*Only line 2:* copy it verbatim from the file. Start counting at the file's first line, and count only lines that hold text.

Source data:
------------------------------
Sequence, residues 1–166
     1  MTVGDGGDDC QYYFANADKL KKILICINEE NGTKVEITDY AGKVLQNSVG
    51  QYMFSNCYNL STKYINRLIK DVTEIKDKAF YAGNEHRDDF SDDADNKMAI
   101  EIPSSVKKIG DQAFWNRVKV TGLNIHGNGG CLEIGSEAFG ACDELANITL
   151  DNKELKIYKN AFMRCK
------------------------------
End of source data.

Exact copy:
     1  MTVGDGGDDC QYYFANADKL KKILICINEE NGTKVEITDY AGKVLQNSVG